director Brad Bird
It was the first film that I ever took my son to see in the theater. He was not yet 3. It was probably not the best idea. I recall him finding a lot of it very intense (it is). He ultimately sat through the whole thing, a couple of bathroom trips, a few frightened, doubtful moments.
Of course, today he doesn’t remember that at all. He’s familiar with The Incredibles the way that anyone surrounded by pop culture and marketing would be. The images were more ubiquitous before the next several Pixar or Disney or other films filled the shelves and products lines all over everywhere. But even Clara, who hadn’t seen it, knew that the family all wore red suits together, even if she didn’t know anything else about it.
It was actually in discussing The Incredibles with the kids that I realized that they hadn’t seen it or didn’t remember seeing it. While for me, with perhaps Ratatouille (2007) as a possible contender, considered it the best of Pixar’s films to date. But even I hadn’t seen the film since 2004.
Directed by Brad Bird, who has an excellent filmography including The Iron Giant (1999), Ratatouille, The Incredibles, and most recently Mission: Impossible – Ghost Protocol (2011), it really is the best film Pixar has made.
I’d forgotten how it starts with a rather elaborate opening sequence depicting a world in which superheroes are prevalent, though after one particularly impractical rescue, Mr. Incredible (Craig T. Nelson), gets into a ton of litigation. In fact, it’s litigation that winds up dooming all superheroes to become regular schlubs, too dangerous are their forays in rescue. But Mr. Incredible marries Elastigirl (Holly Hunter) and they wind up with a family and a classic Americana suburb.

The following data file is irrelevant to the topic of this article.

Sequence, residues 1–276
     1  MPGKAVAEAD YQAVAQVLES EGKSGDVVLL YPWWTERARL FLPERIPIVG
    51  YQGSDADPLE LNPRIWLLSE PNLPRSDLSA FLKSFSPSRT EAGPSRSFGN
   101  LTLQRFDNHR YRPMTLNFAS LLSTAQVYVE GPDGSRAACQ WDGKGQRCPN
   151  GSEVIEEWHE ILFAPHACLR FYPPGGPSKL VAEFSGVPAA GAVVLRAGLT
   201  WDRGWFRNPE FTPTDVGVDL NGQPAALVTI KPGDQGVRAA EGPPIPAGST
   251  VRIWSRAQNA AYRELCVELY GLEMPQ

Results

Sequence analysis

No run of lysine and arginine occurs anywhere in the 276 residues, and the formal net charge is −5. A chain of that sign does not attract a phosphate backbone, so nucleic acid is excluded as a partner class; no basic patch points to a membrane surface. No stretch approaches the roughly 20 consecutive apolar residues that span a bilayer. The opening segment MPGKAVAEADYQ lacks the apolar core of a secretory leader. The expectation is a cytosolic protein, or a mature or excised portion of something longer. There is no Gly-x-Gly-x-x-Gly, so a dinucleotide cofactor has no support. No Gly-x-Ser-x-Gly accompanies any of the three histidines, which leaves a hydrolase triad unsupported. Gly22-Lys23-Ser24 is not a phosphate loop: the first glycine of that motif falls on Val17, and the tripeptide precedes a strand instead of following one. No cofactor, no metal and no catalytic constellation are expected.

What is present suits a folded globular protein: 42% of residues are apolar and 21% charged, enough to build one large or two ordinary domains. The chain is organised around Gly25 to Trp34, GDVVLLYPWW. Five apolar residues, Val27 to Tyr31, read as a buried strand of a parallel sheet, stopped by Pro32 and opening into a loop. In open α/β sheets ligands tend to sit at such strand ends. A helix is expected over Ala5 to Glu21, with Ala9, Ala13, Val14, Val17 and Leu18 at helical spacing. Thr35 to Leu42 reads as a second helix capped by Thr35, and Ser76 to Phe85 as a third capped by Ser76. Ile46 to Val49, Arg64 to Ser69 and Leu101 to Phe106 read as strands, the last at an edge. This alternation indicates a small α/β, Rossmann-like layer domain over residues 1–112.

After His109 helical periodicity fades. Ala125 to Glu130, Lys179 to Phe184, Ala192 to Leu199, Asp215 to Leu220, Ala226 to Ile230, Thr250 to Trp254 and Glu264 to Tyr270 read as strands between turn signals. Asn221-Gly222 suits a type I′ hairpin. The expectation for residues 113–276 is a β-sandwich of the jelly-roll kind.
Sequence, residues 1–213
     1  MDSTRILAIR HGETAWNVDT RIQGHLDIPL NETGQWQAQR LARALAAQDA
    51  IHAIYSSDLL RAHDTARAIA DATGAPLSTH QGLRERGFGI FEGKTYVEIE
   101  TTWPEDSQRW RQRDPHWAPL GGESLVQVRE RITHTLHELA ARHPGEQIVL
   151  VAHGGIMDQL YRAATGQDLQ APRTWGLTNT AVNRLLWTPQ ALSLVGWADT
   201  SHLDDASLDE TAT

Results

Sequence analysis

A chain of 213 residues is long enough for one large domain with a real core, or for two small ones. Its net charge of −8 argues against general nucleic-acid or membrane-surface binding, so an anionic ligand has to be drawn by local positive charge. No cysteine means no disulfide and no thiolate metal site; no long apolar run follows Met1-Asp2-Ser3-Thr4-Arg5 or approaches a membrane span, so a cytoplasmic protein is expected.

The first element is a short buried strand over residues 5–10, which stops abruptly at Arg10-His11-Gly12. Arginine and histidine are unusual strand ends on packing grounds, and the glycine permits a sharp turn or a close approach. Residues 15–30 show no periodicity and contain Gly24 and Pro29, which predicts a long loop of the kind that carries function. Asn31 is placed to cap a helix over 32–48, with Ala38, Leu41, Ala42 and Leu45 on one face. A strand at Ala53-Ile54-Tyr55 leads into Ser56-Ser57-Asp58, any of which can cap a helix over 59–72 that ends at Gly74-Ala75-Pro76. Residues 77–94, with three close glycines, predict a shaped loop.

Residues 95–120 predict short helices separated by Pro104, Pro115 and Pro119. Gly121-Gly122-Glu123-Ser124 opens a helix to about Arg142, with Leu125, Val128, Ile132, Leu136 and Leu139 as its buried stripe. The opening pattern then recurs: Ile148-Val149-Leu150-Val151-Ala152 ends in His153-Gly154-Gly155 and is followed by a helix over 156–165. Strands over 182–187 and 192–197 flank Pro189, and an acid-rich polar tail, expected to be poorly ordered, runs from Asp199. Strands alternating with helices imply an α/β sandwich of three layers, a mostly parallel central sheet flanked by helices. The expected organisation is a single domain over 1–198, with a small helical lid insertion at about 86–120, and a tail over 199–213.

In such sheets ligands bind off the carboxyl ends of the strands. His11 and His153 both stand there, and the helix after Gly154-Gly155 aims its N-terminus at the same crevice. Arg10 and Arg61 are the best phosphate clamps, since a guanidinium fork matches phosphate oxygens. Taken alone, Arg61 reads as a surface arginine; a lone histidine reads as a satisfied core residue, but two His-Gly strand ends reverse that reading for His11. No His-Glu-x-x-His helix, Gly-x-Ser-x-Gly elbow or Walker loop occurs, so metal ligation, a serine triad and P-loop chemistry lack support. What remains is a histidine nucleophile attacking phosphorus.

Only they are not happy. It’s mind-numbing being a regular joe, especially if you are no regular joe. The kids wind up with powers, too. The son can fun superfast and the daughter can turn invisible. The baby…well, we’ll just have to see.
Mr. Incredible is lured out to battles and rescues by a mysterious employer, jetting off to an obscure island with a sultry white-haired nymph.
But, you all probably know the story. I don’t need to spell it out.
The thing is that it’s not just a “family film”, kid-play. It’s actually quite a thrilling action film (which makes sense how Bird was able to transition to the Mission Impossible franchise so successfully. The character development and design are wonderful and clever and it’s a pretty whiz-bang kind of film, where at nearly 2 hours, you’re never once detached from the adventure.
Felix and Clara loved it. They expressed surprise that there hasn’t been a sequel. Truly.
Some of the oddball human characters and some of the animation has dated less-well. I’ve noted that before about digital animation, which is always pushing the technology to the most crystalline designs and depths, that eventually that technology becomes the norm for everything, is old. It looks like the cheaper, crummier stuff today. Most of The Incredibles‘ designs are sharp and lively and wonderful. I only note this now because it’s doubtlessly something that will continue to become more outstanding as time moves along. It’s not just aesthetics changing. It’s the capabilities of the technology.
It doesn’t detract from the excellence of the film overall. It’s not just design and characterization, but it’s good storytelling, great adventure, good humor, and lots of fun. I still think it’s the best Pixar has done.